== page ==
CT No.17: Are you, like, good at Instagram?

Better metrics for Instagram measurement and better website redesign RFPs

Welcome to The Content Technologist, a weekly newsletter by Deborah Carver. If you’re new here:

If you are a reader who is actually following my every word or just a UX pro looking for a conclusion, I realize I owe you some well-designed menus. I promise they will come.

Seventeen issues in and I’m finally devoting the bulk of this content tech newsletter solely to social media. I’m a web and a content person, and I share the opinion that spending time creating organic content for social is not the most business-savvy move unless you can make a good case for it!

But as a person I still like Instagram. Creators are still doing innovative experiments there! I like Instagram even though it is Facebook. I like it because my friends are there and they share fun tidbits. I love the artists and motion graphics pros on Insta. I like the stories and I like the feed. Once Chris Stein from Blondie looked at one of my stupid Instagram stories and I’ll carry that in my heart forever.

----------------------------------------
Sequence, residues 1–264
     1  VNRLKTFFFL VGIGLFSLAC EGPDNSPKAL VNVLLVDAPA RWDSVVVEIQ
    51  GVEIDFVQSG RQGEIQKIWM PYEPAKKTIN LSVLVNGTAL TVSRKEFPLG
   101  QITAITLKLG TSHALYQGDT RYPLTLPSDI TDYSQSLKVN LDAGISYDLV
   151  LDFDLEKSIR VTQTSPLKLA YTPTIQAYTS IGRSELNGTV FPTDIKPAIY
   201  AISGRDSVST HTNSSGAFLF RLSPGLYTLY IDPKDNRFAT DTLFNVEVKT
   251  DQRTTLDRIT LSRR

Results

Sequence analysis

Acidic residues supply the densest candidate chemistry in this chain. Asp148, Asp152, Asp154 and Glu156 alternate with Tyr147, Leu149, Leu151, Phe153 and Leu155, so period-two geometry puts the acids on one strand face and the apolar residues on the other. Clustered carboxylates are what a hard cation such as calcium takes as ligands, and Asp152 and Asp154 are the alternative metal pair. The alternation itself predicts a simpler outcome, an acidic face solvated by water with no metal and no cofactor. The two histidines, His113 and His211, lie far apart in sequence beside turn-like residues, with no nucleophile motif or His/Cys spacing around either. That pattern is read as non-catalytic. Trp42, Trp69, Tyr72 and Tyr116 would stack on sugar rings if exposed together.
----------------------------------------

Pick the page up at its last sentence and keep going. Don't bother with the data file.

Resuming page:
I also buy things directly from Instagram more than I shop at the mall or on Amazon. So, take from that what you will.

The alternatives to Likes

As you may know Instagram is retiring likes to improve the quality of interactions on its network. What that really means is up for debate, but. It’s happening. And you, dear creator, still need to measure content performance.

Much digital ink has been spilled on the death of Insta likes. Oh, the likes! Where will they go? How will Insta users know what is good if we don’t know whether other people like it or not? Is this more useless Zuckerberging?

Will they destroy “influencers,” aka the people who would be lifestyle magazine editors if the magazine editors actually decided to retire, share power and make opportunities for other types of innovators?